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Air Force Honors Doolittle Raiders, Tuskegee Airmen

By Mike Mitchell


Retired Lt. Col. Walter McCreary, retired Col. Charles McGee and retired Col. Elmer Jones hold the Lifetime Achievement Award Sept. 16, 2009, at the Air Force anniversary dinner held at the Gaylord National Hotel and Convention Center in National Harbor, Md. Colonels Jones, McGee and McCreary are members of the Tuskegee Airmen. The dinner was the end of the 2009 Air Force Association Air & Space Conference and Technology Exposition. (U.S. Air Force photo/Staff Sgt. Desiree N. Palacios)


September 17, 2009, WASHINGTON, Several members of the Doolittle Raiders and original Tuskegee Airmen were honored with Lifetime Achievement Awards from Air Force Association officials Sept. 16 at the National Harbor in Oxon Hill, Md.

During a special dinner at the 2009 Air Force Association Air & Space Conference and Technology Exposition, AFA officials and more than 500 people in attendance paid tribute to two members who represented the 80 Airmen who flew the first bombing mission on Japan, and three members representing the first 14,994 African-American Airmen.

Retired Maj. Thomas Griffin and retired Lt. Col. Richard Cole received the Lifetime Achievement Award on behalf of the Doolittle Raiders. The Doolittle Raiders volunteered to bomb Tokyo in a mission designed and executed by then-Lt. Col. James H. Doolittle.

Sixteen B-25 Mitchell bombers took off from the USS Hornet hours before their scheduled time due to being spotted by a Japanese trawler, and knowing they may not have enough fuel to reach auxiliary fields in China. Major Griffin was a navigator on B-25 No. 9 during the April 1942 raid, and Colonel Cole who was Gen. Jimmy Doolittle's co-pilot for the mission.


The planes found and bombed their targets April 18, 1942, just more than four months after the attack on Pearl Harbor in Honolulu, Hawaii. Not one plane fell to the Japanese defenses, and all but one plane made it to China. Three of the raiders were lost on bailouts; eight were captured, tortured and spent the rest of the war in solitary cells; three were executed, and one died from malnutrition. The only aircraft that survived had engine trouble and landed on Russian soil where the crew was interned and eventually escaped and returned to duty. Of the 80 men on the 15 bombers, 64 of the Doolittle Raiders returned to America and only nine are still alive today.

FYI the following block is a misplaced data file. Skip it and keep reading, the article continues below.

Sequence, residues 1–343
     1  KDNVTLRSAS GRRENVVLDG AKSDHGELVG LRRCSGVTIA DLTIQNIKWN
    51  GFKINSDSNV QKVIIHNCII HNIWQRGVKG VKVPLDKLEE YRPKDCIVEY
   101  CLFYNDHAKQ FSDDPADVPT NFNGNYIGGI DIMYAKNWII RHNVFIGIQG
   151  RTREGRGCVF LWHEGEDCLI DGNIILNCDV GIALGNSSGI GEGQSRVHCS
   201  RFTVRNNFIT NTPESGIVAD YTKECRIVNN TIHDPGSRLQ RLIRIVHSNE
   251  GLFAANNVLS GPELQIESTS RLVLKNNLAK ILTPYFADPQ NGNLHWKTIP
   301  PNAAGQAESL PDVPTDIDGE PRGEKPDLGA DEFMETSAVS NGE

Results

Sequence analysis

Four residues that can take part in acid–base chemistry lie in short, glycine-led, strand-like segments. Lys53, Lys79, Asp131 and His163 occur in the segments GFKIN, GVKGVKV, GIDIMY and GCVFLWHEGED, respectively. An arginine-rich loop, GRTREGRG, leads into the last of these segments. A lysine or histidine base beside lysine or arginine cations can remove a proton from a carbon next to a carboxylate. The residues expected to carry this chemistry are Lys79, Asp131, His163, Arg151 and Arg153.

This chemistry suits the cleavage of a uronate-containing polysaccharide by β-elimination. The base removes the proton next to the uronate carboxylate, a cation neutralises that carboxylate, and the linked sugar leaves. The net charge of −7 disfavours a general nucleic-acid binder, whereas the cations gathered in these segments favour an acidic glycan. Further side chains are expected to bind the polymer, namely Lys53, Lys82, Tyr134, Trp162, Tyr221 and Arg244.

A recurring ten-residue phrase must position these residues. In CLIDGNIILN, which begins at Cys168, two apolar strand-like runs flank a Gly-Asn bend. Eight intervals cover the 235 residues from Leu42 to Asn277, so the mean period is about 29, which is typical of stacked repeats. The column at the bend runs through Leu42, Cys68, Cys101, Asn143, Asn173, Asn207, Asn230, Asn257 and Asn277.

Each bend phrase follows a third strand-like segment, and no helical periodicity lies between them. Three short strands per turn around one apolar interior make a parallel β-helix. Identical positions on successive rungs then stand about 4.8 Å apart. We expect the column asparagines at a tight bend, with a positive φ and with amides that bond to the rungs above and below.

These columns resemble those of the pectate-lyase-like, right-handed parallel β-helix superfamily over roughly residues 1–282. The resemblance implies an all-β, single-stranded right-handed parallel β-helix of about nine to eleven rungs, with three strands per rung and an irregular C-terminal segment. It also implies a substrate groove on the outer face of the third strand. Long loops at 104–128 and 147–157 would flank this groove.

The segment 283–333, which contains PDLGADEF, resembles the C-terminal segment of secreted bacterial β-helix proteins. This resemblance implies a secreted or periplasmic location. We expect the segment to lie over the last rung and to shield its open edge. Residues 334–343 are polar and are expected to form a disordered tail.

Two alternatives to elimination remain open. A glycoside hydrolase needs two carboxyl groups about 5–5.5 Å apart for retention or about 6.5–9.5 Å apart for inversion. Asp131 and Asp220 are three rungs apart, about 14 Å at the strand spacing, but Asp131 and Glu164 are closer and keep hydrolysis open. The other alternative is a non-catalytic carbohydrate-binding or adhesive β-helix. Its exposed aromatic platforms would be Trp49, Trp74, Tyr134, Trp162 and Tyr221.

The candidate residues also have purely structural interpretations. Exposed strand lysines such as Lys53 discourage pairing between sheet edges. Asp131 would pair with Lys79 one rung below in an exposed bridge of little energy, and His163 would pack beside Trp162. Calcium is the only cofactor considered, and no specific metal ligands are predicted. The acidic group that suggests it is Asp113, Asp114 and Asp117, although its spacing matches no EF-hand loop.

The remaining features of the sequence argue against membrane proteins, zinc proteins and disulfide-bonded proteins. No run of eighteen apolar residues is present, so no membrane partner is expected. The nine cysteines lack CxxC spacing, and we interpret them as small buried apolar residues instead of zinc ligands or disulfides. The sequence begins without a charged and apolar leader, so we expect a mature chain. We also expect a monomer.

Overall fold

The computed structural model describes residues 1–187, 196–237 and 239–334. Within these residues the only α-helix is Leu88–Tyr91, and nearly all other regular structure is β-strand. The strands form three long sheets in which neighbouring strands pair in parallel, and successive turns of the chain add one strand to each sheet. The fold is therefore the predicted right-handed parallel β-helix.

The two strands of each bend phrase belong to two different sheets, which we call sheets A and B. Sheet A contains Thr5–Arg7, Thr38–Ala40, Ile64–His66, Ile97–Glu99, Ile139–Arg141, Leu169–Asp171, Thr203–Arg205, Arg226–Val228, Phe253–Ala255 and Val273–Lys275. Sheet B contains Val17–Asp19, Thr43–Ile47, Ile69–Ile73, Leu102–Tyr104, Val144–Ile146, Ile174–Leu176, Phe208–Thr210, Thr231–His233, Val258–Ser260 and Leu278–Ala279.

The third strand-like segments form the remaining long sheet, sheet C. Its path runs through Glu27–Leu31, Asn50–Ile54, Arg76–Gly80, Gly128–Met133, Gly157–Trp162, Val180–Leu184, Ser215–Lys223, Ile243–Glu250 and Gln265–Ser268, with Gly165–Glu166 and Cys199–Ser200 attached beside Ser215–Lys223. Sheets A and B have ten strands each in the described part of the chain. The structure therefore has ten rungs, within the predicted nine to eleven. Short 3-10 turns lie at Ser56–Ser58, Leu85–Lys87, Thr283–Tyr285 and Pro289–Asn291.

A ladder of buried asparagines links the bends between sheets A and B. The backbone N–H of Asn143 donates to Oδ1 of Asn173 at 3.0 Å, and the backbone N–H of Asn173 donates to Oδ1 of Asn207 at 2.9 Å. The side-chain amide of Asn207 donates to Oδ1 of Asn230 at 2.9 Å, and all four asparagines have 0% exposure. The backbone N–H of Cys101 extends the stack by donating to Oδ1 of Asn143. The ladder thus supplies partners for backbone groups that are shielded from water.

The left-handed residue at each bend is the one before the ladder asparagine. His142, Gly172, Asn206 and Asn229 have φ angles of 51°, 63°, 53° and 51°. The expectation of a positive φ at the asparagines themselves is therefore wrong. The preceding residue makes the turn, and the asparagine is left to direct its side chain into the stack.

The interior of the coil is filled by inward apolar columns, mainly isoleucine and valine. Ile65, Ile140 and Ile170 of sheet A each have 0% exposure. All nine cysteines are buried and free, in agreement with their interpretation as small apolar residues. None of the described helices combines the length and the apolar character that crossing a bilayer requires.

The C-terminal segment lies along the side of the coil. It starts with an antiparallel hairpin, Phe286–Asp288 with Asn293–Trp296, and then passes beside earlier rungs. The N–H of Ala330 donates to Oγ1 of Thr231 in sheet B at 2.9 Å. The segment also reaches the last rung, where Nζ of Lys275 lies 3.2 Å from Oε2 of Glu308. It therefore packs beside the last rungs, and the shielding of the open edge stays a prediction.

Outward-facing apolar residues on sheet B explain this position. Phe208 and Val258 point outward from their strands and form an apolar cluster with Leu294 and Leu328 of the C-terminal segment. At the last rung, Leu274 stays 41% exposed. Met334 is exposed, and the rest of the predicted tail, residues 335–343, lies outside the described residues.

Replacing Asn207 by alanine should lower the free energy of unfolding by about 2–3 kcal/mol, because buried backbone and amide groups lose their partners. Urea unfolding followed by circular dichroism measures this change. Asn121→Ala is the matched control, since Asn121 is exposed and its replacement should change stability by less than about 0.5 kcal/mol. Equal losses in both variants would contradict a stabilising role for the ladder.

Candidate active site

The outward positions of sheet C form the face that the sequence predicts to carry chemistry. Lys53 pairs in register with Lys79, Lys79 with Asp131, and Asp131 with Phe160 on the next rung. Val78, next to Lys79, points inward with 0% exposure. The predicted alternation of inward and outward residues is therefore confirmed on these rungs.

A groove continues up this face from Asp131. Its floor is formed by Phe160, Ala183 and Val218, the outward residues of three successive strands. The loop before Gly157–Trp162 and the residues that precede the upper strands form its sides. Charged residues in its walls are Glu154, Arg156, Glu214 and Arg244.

When called heroes, Colonel Cole and Major Griffin humbly shook their heads. "Everybody had to do something," Major Griffin said. "America was fighting for its life. We just happened to be part of the 15 aircraft to be on the mission. We were at the right place at the right time."


The Tuskegee Airmen enlisted during World War II after President Franklin Delano Roosevelt ordered the integration of African Americans into the military. The first recruits trained to fly at Tuskegee, Ala., and later officers were trained in jobs including to be pilots and in operations, meteorology, intelligence, engineering and medicine. Enlisted members were trained in aircraft and engine mechanics, armament specialists, radio repairmen, parachute riggers, control tower operators, policemen, administrative clerks and other skills necessary to fully function as an Army Air Corps flying squadron.

The Tuskegee Airmen were credited with shooting down 110 enemy aircraft and three of the first four jet aircraft used in combat. The men flew 15,000 combat sorties as the Tuskegee Airmen in their red-tailed P-51 Mustangs primarily escorted American bombers.

Although during the war they were segregated, their performance led to the subsequent integration by the entire military and was an important factor in the initiation of social change to achieve racial equality in America.

"We are proud to represent the 994 pilots and 14,000 support people who made up the Tuskegee Airmen," said retired Col. Charles McGee, who was one of the original Tuskegee Airmen present for the awards program along with retired Lt. Col. Walter McCreary and retired Col. Elmer Jones. "On their behalf, we say thank you to the Air Force Association family for this recognition."

Dr. James Schlesinger, a former secretary of Defense, also received a Lifetime Achievement Award during the evening's events.

Other awards presented by Air Force Association officials included the AFA Chairman's Aerospace Education Achievement Award for long term commitment to aerospace education making a significant impact across the nation to the ExxonMobil Foundation, the John R. Alison Award for outstanding contributions by industrial leadership to national security to General Atomics Aeronautical Systems Inc., the W. Stuart Symington Award for the most significant contribution by a civilian in the field of national defense to Senator Orrin Hatch, and the H.H. Arnold Award for the most significant contribution by a military member for national defense to Gen. John D.W. Corley.

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